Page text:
Im definitely starting to think harder about trading more around the criminals – I mean banks.

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  11. ironbird

    The 50 thousand dollar question has to be ‘How big is the oil market?’ How much financial fuckery is involved. 20% of the total corp debt market sounds huge. Was oil the lead employer of thye reasonable paying jobs back in 1998? I was alive then, and do not remember a oil boom.

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  12. narwhal

    What a wonderfully constructed history lesson. Fly, this was a true pleasure to read.

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  13. txchick57

    Do you think just oil or all hard commodities?

    I remember buying CMGI one morning in the premarket, going to the kitchen to get a bagel and coming back 5 minutes later to find myself up $17/share. I took it and at the end of the day was the biggest jackass ever. It closed up $43

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  14. jersey whale

    Good piece Fly, my first foray into the market was 97, not as a professional but just with my own money, buying all the big tech names they talked about on CNBC. I remember telling my friends, “this is how I always heard rich people make money, stocks, it’s pretty easy”. The B2B names in particular were unbelievable for a while. My broker at Dean Witter was charging me 10% of the total value of my trades!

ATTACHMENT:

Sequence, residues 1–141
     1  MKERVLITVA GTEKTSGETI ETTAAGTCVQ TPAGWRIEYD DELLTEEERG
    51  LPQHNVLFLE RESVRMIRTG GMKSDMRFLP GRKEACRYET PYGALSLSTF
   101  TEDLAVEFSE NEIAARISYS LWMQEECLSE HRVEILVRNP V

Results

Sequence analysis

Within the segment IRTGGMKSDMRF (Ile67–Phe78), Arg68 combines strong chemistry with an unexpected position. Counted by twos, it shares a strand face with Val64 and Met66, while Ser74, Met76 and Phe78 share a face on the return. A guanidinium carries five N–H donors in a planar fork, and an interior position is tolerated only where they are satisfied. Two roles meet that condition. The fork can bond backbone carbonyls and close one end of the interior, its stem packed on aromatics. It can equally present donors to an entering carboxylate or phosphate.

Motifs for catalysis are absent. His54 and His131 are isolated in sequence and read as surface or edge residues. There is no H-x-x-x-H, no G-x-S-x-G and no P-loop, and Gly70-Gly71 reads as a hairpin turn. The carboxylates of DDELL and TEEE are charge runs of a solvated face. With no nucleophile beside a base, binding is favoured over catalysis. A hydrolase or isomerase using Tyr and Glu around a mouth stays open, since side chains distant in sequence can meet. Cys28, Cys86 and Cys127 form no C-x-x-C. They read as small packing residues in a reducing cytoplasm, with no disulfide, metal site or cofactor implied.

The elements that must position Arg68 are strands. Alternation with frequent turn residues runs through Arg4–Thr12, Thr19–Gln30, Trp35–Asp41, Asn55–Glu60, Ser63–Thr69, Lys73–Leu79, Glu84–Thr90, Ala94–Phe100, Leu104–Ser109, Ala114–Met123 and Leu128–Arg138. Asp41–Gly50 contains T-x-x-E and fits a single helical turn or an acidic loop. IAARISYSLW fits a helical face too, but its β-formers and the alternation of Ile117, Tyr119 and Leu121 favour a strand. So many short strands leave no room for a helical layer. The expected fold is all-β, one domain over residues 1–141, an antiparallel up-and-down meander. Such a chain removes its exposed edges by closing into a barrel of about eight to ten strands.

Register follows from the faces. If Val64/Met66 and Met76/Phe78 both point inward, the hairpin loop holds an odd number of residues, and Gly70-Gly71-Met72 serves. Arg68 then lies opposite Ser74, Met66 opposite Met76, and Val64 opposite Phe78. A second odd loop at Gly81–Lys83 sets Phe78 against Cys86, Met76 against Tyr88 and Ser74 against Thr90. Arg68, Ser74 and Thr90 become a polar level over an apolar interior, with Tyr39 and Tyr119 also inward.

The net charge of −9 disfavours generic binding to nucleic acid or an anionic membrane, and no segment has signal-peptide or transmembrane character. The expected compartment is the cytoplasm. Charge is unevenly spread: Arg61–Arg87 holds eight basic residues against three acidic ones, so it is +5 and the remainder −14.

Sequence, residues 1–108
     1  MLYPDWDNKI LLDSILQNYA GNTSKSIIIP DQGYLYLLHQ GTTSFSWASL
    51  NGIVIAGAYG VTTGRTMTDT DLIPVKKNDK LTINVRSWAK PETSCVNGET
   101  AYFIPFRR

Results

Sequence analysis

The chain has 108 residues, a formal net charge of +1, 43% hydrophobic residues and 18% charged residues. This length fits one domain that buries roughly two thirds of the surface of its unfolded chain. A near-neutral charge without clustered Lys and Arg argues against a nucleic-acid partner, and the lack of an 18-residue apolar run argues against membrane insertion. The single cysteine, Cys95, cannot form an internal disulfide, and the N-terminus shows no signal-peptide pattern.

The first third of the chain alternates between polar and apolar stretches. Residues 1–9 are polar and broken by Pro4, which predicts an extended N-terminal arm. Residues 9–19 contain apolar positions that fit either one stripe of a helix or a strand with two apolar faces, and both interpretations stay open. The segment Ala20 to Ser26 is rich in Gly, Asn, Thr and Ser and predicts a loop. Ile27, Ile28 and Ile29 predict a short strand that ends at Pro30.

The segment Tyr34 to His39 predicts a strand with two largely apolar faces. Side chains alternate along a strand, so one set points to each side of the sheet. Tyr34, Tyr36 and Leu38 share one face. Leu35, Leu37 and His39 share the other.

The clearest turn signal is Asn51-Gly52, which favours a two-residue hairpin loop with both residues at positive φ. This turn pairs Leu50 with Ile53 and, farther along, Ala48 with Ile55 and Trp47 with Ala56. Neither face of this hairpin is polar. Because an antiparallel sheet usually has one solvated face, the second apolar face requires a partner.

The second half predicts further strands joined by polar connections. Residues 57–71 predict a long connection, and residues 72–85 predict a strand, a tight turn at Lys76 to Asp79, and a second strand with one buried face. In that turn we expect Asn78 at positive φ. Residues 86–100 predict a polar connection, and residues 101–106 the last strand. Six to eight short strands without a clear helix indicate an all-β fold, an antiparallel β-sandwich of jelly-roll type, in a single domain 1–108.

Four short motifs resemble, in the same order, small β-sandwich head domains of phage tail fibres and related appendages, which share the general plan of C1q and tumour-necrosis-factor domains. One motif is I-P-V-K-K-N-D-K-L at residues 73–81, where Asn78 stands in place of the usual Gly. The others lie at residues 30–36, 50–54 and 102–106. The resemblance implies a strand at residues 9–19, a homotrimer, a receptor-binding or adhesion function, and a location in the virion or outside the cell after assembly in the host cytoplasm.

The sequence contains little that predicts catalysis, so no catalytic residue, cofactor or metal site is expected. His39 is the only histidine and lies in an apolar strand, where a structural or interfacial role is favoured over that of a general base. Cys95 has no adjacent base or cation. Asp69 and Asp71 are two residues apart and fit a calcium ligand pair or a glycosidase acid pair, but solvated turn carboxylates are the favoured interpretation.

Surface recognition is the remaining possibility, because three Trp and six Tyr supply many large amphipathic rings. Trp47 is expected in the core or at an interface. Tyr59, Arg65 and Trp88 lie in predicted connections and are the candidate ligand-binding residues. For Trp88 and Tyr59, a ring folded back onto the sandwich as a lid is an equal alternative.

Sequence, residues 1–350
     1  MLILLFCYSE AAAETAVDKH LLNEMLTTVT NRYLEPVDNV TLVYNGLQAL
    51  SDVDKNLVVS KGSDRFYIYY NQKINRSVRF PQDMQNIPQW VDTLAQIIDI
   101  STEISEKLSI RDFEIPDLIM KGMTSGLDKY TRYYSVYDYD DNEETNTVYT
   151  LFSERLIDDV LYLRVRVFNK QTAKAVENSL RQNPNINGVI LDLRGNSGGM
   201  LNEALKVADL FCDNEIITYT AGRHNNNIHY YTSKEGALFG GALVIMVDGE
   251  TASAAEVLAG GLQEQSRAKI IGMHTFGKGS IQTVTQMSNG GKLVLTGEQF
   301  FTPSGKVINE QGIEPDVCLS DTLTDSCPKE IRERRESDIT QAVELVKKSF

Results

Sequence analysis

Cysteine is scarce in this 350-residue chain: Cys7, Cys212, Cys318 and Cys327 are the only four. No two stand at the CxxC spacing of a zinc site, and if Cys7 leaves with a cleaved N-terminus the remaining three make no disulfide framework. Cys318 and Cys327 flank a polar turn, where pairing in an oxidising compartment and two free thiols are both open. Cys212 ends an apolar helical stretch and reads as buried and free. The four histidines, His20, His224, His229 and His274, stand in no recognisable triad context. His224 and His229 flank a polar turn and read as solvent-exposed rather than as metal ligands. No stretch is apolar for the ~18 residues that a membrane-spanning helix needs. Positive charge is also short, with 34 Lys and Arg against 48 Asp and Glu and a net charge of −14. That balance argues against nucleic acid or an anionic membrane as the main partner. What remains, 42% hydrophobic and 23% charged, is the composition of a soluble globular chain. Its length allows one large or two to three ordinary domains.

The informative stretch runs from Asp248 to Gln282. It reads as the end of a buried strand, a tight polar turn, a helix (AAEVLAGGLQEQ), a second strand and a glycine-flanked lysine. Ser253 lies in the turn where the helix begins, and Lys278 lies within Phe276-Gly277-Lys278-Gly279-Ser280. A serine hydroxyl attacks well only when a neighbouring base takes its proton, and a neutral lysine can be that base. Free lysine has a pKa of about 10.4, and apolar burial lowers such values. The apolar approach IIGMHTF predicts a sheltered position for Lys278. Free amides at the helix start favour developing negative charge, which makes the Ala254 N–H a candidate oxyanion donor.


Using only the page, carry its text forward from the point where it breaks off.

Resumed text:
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  15. the shiek

    A friend of mine loaded up on a fiber optics co. MRVC in ’99, road it from 7 up to 140s and back down to mid 30s before selling. He was calling the investor relations dept.,drinking the kool aid…Question: do the new americans (latinos), India and chinese population be able to afford battery cars in the next 15 years,?

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  16. speerothekid

    nice post

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  17. danny1980

    LED stocks are working

    New IPO restaurants are working

    Airlines are beast mode

    Your Gas Station stocks are working

    Big Pharma is working except for GILD

    Micron is definitely working great but here also constantly making new highs

    I think that’s it; oh and old software companies like MSFT and ADBE

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  18. rahagar

    So, Tetris then. What is it today? Assassin’s Creed?

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  19. NON Solo

    I might be premature, but I went long oil via USO on Friday. I don’t think the Saudi’s will leave the other OPEC and non OPEC nations hanging that cannot survive on $66/barrel oil.

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    • handyandy